Although it is important to apply the knowledge that one has gained through life experience both Chekhov and Boyle agree that this should be done in matter that is faithful to person and those who they are applying their knowledge to. In “The Student,” Chekhov uses the story in which the student misses the real learning experience in order to demonstrate that the student is not faithful to his education. The student is a seminary student, and he believes that he is effective in finding the connection between the past and the present. He does not apply his knowledge of the story and of God to help the two widowers.
If he would have been faithful to his knowledge and to them, he would have been able to console their anguished souls. As stated by Chekhov, “If the old woman wept… [it] was because Peter was close to her and she was interested with her whole being in what had happened to Peter’s soul,” (266). In other words, Chekhov believes that what happened to Peter’s soul, was happening to the widower’s soul and the student failed to recognize he could help heal her soul. In agreeance with Chekhov’s ideas, Boyle would add that faith not only transcends the two parties involved, but the families that surrounds them.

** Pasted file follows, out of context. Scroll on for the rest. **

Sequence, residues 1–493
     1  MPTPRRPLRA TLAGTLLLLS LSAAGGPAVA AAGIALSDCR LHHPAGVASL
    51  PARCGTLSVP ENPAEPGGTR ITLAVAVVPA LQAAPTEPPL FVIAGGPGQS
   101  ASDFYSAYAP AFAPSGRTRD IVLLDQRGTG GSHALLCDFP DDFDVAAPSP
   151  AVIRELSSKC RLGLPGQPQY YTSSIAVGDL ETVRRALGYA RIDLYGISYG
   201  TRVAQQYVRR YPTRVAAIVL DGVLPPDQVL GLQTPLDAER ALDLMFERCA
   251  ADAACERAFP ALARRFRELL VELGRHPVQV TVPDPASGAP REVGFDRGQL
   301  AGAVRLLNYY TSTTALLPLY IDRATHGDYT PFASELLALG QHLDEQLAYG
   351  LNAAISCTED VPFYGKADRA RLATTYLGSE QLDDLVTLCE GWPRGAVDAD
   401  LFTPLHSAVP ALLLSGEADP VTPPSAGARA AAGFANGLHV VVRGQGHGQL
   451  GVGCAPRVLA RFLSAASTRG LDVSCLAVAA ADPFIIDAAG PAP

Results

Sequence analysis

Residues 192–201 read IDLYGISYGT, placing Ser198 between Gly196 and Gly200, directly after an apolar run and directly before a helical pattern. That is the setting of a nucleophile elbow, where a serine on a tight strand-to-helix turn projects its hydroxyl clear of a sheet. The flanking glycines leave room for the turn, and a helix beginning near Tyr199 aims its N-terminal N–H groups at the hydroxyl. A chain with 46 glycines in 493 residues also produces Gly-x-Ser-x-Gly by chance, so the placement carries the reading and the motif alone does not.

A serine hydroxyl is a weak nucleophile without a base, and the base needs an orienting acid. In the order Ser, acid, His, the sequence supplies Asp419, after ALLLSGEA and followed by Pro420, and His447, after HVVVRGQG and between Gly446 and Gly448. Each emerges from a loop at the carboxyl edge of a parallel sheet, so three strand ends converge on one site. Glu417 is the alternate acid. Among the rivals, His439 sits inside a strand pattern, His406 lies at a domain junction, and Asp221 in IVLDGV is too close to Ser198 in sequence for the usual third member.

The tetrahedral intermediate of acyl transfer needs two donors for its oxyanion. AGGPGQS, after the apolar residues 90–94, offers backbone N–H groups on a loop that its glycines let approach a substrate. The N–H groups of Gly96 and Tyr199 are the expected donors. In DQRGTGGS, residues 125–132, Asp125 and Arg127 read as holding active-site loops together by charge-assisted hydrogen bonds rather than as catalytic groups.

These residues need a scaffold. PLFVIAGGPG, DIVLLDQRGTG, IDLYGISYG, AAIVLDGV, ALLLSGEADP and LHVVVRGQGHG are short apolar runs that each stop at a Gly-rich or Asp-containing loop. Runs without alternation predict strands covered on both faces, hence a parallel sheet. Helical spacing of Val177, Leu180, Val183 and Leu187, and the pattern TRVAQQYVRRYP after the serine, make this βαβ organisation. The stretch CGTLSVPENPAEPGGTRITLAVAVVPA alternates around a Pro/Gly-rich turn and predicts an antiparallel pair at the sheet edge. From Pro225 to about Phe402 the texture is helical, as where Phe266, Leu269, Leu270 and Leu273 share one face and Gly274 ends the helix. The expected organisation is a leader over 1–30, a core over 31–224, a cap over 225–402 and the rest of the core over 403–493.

A kinship is built between the parties where the other person’s family becomes their own. The story of Soledad explains this kinship. Soledad loses two of her sons to gang violence, but when she sees another boy who is from rival gang fighting for his life, she prays for his life. She states, “And I began to cry as | have never cried before and started to pray the hardest I have ever prayed” (Boyle 186). The strength that used to pray for this other child illustrates the faith that that Soledad has gathered through kinship.
Though, Chekhov and Boyle both acknowledge faith is important in applying the knowledge that one has learned from school or past experiences, Boyle takes it one step further with the idea of kinship. Faith should be used in the application of knowledge as it unites all parties involved under the equal eyes of God. The idea of a university is not to acquire a piece of knowledge and leave resting in the far depths of one’s mind. It should be wrung out like a wet sponge, twisted and squeezed until there seems to be no water left. When this moment comes, the knowledge may seem to be tried, but instead it has achieved a higher purpose.
A purpose where it has now become part of the person and has made them better because of it. When a person’s viewpoint is skewed and focused too much on one thought or on an outcome such as success they cannot apply their knowledge. Sadly, their knowledge will have no meaning and, for this reason, they will perceive it as useless. On the contrary, when a person focuses on the present moment with a broad, deeply faithful view, they can help themselves and others with their application of knowledge. This becomes the true reason for a university education.